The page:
Today was the last day of class in the morning. My priority was to get my bent lamination out of the jig and begin to fit and shape it. Due to the layout of my T nuts I wasn’t able to get as dramatic curves as I was hoping for but I think it turned out well none the less.
After some final sanding I attached the back to the chair. I plan on plugging the screw holes with some walnut plugs but I think I’m going to finish both surfaces where they mate with at least one coat of oil.
Lastly, I cut a seat bottom out of some 1/2 inch birch ply. This will eventually become upholstered, but this is not within my realm of expertise so I will leave that to the wife. I think I probably got another hour or two of final sanding and then a couple coats of oil and I will post it as a finished project.
The first order of business for today was cutting and fitting the back rail. After getting the other three sides clamped together in a reasonably sturdy assembly, I took a rough measurement and cut the piece long and began sneaking up on the fit until I thought it was reasonably close then I cut the mortises in the ends with the Domino.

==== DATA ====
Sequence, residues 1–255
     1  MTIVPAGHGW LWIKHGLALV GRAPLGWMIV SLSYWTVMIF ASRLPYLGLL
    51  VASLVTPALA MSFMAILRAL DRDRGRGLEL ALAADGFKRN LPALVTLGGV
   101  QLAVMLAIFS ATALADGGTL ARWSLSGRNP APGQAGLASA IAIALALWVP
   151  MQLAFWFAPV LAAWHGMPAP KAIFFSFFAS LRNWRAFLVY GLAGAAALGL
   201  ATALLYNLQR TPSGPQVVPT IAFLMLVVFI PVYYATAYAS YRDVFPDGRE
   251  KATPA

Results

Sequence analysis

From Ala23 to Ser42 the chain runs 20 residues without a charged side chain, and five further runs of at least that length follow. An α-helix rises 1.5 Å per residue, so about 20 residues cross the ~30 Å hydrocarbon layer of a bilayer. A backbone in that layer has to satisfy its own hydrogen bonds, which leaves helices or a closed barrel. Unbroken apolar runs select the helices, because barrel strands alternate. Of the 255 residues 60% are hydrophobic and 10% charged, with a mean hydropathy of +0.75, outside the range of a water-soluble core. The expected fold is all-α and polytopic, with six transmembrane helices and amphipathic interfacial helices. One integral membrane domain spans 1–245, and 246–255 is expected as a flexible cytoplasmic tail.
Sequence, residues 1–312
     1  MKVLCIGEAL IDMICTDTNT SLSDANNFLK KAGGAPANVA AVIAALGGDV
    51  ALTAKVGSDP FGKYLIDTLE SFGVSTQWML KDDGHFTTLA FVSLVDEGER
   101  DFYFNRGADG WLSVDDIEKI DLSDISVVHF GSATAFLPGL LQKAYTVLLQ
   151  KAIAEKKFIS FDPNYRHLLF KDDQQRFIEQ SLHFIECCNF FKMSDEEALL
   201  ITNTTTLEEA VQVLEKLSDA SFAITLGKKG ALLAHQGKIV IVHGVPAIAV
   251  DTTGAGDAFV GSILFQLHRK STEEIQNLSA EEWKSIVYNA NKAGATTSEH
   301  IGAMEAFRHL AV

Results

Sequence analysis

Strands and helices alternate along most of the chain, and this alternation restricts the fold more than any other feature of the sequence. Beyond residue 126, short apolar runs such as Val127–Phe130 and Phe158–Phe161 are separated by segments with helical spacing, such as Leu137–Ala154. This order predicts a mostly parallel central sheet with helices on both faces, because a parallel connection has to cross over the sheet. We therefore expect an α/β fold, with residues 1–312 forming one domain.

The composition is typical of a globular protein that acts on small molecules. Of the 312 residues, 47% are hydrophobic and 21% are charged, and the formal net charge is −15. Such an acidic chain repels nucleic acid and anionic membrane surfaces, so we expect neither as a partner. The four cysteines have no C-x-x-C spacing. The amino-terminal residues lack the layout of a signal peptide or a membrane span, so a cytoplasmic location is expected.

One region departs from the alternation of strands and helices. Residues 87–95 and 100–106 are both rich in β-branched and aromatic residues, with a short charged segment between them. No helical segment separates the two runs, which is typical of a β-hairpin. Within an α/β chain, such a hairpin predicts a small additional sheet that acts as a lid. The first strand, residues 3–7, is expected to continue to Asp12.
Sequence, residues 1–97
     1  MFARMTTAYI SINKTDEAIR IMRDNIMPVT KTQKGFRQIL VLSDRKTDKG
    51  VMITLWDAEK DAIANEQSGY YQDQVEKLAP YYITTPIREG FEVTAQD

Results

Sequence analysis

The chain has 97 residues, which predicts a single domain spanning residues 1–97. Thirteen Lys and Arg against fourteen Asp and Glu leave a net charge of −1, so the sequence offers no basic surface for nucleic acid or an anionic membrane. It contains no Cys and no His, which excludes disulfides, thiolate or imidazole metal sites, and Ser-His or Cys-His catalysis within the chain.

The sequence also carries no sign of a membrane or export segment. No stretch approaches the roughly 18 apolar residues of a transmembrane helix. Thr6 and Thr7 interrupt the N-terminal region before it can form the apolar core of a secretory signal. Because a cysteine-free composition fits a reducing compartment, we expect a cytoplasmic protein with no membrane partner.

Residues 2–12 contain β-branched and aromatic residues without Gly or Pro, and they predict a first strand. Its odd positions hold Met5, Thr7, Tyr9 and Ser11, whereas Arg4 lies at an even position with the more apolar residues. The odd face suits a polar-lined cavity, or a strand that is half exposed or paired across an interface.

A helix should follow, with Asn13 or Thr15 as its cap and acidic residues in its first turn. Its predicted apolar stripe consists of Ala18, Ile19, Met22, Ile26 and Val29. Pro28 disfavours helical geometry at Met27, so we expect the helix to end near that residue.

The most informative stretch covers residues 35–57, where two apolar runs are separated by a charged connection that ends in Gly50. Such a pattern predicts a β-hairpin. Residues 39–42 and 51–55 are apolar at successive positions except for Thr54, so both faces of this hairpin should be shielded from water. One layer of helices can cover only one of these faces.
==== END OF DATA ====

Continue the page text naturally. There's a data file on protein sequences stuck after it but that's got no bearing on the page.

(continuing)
Then came the always stressful glue up. Everything went together pretty well and I was reasonably pleased with all the joints.
Next I unclamped my bent lamination back rest and began to fit it. I the arc of the lamination did not meet the legs perfectly so I had to use my block plane and bevel the outer edges of the top of the legs.
After getting things fitting pretty good I marked, drilled and counter sunk holes for the T-nuts and screws that will hold the back rest on. I had to trim the the bolts so they didn’t protrude from the back rest and poke through my outer veneer layer during final assembly.
Once this was complete I went back to the lamination jig to glue on the final layer that will cover the T-nuts.
Tomorrow is the last day of class. I’m going to get my back rest cut to shape and sanded. Probably won’t get to a seat this week, but the instructor had one he made so I borrowed it to see how it looked.
Not a whole lot of visual activity today. It was mostly a day of sanding and a couple glue ups. Just one of those days where you put the iPod on and let your mind wander as you go through the monotony of hand sanding all the parts before the glue up. Except I forgot mine today so I just had to sit there and listen to the swish swish swish. Once sanded, I glued up both sides of the chair as sub-assemblies. While these were drying I finished shaping and sanding my front rail. I’m particularly proud of my grain selection on the front rail since the grain flow really accentuates the lower curve. I did have one mistake today. While cutting the mortises for the back rail I wasn’t paying attention and cut the mortise on the wrong side of the leg. Luckily, it was where the side rail intersects the back leg so it will be hidden. I just glued in a tennon and trimmed it flush after the glue dried.